OPTIMIZED FROM THE OUTSET
For customers building a complete terminal, the value calculation model is an even more critical tool because it can help the customer optimize the entire terminal environment right from the beginning. For these projects, again we consider all factors, because the size of the jetty, material transportation logistics, personnel requirements, and capacity, all have a major impact.
Just taking jetty costs, for example: as higher capacities are needed, dry bulk material handling systems like cranes and continuous unloaders must either get larger or more numerous – in both cases, adding weight or traffic to the jetty. Jetty reinforcements to accommodate heavy bulk handling equipment can easily correspond to fifty percent of the cost of the actual equipment. Therefore, reducing any additional machine weight is advantageous for customers as significant savings can be made in terms of the need for quay reinforcement work – but also, a proportionately higher-throughput machine can be selected for a given strength of quay, delivering impressive returns on investment and securing capacity for any future growth.
THROWING MONEY AWAY
I should also mention a third project group, those operators that run their traditional machinery day-in and day-out, never even realizing that their terminals are quite literally throwing money away, in inefficiencies and wasteful practices so normal as to be regarded as ‘acceptable’.
We have had many cases where we have been able to show the customer how an existing system, based mainly on several low capacity grab cranes, operated by 50 to 100 personnel per day, can be converted to a high-capacity terminal operated by just a few personnel and one high-capacity machine; paying the whole investment back in just a few years. These ‘sleeping’ customers need to be woken up to the amount of money that they are saying goodbye to.
There is an increasing need to upgrade operations that take one to two weeks to unload a vessel with grab or mobile harbor cranes, which have a cargo spillage rate of one to two percent, leading to huge material losses and unacceptable levels of environmental damage. There is technology available, like an enclosed high-capacity screw unloader, which can not only unload the same vessel in two to three days, saving up to USD 20,000 a day in vessel costs, but also saves all the material losses from spillage and keeps the jetty clean and dust-free. Furthermore, the shorter unloading time, the greater the possibility that the terminal has to increase its annual through-put and by that, also increase the profitability of the terminal itself
MILLIONS IN SAVINGS
We have been able to show that we can easily make USD 2-3 million worth of operational savings per year depending on the annual volumes and existing equipment of the terminal. This is especially relevant to those terminals who have been satisfied, or have accepted existing set-ups and operational cost levels, because they have never had enough factual information to challenge them. Until now, it has been difficult for these existing terminals to develop a plan to improve their profitability, but we can now offer this and show different options with our value calculation model.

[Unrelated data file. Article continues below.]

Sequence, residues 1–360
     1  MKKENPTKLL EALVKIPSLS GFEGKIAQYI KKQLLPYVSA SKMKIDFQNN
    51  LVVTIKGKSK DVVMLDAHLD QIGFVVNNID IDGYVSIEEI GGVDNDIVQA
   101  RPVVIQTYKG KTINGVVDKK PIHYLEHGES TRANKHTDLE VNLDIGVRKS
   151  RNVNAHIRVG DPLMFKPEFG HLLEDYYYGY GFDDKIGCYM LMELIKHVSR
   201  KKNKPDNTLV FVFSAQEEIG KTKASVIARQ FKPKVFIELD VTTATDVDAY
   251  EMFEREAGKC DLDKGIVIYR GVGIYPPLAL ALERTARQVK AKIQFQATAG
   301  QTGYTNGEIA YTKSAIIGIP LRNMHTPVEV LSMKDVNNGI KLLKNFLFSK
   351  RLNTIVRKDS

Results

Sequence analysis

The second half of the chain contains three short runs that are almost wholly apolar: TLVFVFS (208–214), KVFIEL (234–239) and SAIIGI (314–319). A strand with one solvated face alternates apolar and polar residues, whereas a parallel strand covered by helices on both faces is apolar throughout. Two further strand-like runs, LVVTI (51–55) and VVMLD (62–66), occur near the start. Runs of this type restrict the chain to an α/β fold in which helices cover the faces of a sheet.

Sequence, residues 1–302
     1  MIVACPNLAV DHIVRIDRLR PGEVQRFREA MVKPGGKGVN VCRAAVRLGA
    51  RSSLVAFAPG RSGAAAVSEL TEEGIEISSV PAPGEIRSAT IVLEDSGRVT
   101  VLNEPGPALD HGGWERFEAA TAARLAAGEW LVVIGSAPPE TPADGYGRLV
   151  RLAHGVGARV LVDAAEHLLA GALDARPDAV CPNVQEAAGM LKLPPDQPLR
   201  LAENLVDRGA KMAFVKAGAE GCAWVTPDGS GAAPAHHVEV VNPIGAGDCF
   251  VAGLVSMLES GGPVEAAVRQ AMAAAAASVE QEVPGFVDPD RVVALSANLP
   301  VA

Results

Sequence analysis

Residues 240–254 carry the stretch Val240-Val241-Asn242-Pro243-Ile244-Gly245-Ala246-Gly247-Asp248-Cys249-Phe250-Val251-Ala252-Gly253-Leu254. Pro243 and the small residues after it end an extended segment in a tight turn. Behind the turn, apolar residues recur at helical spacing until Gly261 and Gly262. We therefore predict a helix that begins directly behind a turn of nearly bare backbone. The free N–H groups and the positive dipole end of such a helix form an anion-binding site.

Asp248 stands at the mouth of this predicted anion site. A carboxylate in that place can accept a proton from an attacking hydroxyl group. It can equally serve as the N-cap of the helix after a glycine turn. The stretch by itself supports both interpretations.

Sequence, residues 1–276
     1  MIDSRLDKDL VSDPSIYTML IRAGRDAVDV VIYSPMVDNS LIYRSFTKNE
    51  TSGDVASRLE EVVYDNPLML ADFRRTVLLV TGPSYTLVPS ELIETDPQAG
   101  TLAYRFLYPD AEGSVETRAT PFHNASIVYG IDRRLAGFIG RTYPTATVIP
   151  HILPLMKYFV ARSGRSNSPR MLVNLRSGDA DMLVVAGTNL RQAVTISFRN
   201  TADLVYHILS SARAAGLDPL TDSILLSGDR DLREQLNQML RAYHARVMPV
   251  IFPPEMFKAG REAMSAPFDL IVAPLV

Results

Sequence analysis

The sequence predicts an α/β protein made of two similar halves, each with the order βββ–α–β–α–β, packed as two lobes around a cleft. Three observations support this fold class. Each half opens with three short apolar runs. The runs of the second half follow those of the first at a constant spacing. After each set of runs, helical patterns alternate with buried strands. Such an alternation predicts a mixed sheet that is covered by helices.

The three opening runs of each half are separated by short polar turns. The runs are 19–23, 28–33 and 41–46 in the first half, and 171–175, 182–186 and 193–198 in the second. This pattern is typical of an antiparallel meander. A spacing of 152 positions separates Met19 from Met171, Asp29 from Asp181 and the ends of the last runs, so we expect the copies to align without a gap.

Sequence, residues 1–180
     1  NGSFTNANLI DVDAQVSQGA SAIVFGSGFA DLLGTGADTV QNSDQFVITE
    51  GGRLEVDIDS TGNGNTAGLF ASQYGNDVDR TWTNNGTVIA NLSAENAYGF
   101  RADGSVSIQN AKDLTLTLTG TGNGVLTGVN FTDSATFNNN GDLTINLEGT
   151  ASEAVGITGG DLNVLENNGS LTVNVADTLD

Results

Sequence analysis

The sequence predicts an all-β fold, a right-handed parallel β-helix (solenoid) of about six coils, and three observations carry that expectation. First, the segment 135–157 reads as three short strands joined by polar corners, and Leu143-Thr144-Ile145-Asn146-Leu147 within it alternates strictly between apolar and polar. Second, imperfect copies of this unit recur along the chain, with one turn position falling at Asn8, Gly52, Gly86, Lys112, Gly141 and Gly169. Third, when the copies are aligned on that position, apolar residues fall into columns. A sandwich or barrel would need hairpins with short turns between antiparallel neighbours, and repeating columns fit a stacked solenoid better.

An additional feature in the model is that we can offer customers financing with very low interest rates and long pay-back times. With these favorable conditions, we have even been able to show that the investment generates the money to pay back the financing, and also generates a positive cashflow, shortly after the operation’s start-up.
Aside from the financial gains that can be achieved through our technology, we must stress the environmental ones. We have mentioned the costs, both financial and environmental, associated with waste from cargo spillage, but all dry bulk handling equipment should achieve long-term sustainability. It must prevent dust emissions, as well as spillage, and offer the most efficient operations over the course of its service life.
Our totally enclosed Siwertell unloaders are among the most environmentally friendly shore-based bulk handling systems available. Because of their rigorous environmental credentials, they are often installed in environmentally sensitive sites and can be used at the heart of populated areas.
We can demonstrate the sustainability of our solutions; they not only pay for themselves in a few years, but continue to deliver better value and efficiency to the operator over their lifetimes. It makes good business sense to consider all options from the outset.
Source: BRUKS Siwertell